‘Literal’ hasn’t always meant ‘Literal’

When discussing biblical hermeneutics, inevitably the ‘literal’ meaning of scripture pops up. The ‘literal’ meaning of scripture in some quarters signifies the holy grail of interpretation and in others all that is wrong with biblical scholarship. Yet, what is the ‘literal’ meaning of scripture?

In my study of classic doctrines of scripture, I find Aquinas’ thoughts on the literal sense of scripture fascinating because he uses ‘literal’ to argue for the opposite of what many mean by it today. Furthermore, he does so with a deep conviction of scripture’s unity and divine authorship.

Aquinas is convinced that since all parts of scripture work together to fulfill God’s designed purpose they are unified, but not univocal.  Aquinas’ concept of unity draws upon his complex understanding of the literal sense of scripture.  At first glance, his understanding of the literal sense seems to fall in line with the Augustinian tradition.  For example, he writes, “Thus in Holy Writ no confusion results, for all the senses are founded on one – the literal – from which alone can any argument be drawn, and not from those intended to allegory” (1.1.10).  Yet, one must be careful to clarify what he means by the term literal sense.  For Aquinas, the literal sense of scripture is related to the intention of the author.  On the one hand, the human author may have intended the words to refer to a historical fact or a material reality.  On the other hand, since God is the ultimate author of scripture it can have several senses or meanings.  He states, “Since the literal sense is that which the author intends, and since the author of Holy Writ is God, Who by one act comprehends all things by His intellect, it is not unfitting…if, even according to the literal sense, one word in Holy Writ should have several senses” (1.1.10).  Consequently, the literal sense of scripture, for Aquinas, can entail all four aspects of the medieval four-fold sense of scripture depending on the intended purpose of the author, who is ultimately God.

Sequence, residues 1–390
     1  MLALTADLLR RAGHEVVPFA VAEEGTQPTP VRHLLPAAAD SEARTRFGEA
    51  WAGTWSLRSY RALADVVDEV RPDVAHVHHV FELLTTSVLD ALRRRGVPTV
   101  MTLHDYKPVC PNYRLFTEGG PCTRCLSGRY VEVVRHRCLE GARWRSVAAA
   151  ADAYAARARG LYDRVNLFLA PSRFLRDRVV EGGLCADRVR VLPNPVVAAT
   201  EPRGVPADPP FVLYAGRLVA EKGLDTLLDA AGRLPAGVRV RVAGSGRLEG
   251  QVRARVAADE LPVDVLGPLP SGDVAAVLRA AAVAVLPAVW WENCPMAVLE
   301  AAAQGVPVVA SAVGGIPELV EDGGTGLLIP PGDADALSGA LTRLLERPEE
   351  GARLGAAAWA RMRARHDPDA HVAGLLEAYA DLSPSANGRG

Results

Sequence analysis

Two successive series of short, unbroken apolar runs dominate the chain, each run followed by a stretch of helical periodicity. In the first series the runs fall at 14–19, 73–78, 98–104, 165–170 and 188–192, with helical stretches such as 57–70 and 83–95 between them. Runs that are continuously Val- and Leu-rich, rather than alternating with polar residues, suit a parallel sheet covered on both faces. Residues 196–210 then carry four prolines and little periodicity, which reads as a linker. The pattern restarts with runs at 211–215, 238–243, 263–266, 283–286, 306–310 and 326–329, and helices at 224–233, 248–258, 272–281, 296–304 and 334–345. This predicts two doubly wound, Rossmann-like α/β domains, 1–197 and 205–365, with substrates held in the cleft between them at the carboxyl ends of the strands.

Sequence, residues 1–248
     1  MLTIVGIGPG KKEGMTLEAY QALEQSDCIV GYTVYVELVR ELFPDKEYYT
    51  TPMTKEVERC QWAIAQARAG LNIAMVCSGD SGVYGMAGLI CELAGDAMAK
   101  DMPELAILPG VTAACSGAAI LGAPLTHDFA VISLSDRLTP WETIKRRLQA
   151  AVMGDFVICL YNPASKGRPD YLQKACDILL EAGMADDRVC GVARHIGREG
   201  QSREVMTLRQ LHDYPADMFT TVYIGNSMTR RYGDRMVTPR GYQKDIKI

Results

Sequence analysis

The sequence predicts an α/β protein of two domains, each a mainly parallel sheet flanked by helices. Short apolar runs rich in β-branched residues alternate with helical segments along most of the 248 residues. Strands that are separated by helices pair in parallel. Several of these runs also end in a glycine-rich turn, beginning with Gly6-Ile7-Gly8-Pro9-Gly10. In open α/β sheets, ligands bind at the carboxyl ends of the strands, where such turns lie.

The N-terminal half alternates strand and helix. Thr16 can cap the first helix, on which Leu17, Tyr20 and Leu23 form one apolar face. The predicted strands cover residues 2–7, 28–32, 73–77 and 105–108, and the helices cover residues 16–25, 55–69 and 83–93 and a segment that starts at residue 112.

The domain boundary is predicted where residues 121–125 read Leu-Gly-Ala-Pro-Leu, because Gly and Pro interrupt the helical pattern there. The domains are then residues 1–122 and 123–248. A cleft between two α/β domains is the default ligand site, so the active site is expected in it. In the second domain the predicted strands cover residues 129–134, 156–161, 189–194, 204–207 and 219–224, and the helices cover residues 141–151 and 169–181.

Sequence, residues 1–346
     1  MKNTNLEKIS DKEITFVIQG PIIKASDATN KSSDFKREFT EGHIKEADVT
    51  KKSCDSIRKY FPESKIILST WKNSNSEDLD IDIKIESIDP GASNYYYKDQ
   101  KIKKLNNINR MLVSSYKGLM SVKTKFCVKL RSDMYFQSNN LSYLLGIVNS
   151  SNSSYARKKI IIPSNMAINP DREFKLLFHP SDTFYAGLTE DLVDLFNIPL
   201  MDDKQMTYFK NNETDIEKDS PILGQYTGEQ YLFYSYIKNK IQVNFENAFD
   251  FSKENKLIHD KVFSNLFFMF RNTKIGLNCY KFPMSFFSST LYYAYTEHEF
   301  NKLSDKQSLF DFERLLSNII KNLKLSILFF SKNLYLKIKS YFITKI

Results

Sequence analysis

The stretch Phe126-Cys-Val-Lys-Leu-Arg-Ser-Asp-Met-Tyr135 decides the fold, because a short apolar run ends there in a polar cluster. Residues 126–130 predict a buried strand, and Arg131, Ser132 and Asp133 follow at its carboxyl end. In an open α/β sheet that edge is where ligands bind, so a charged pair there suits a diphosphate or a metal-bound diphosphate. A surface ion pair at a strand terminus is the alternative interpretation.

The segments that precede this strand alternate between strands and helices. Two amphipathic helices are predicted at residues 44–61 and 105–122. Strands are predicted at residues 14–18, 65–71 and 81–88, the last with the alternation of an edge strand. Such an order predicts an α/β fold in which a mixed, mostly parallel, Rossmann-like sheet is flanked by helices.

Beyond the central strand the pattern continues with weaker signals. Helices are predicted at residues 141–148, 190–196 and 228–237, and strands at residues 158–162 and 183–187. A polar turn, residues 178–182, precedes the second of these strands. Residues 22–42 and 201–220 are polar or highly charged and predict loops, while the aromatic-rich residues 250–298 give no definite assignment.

In effect, it is precisely because scripture “derives its certitude from the light of divine knowledge” (1.1.5) that Aquinas finds it inevitably multi-vocal.  God, whom is beyond human capacity to understand, cannot be defined plainly and as a result, Aquinas anticipates a passage will have a multitude of meanings, even on a literal level.  Thus, his understanding of scripture as unified in purpose does not mean that scripture is singular in meaning or that each word, verse or passage has one true meaning.  Instead, scripture’s unity is found in that it has many meanings and through the power and purposes of God, they do “not produce equivocation or any other kind of multiplicity” (1.1.10).

“Classical” Western Theory of Metaphor: Thomas Aquinas

See Part 1, 2, and 3 of this series on metaphor and biblical interpretation…

Thomas’s understanding of metaphor and analogy is essence-driven and built upon Aristotelian categories and definition. While he acknowledges metaphor and analogy play a role within scriptural interpretation, even goes so far as to discuss them in the first section of the first book of his Summa, his own ontological and epistemological commitments relegate metaphor to a subordinate role in interpretation (much like being assigned to the kiddie table at a family gatherings).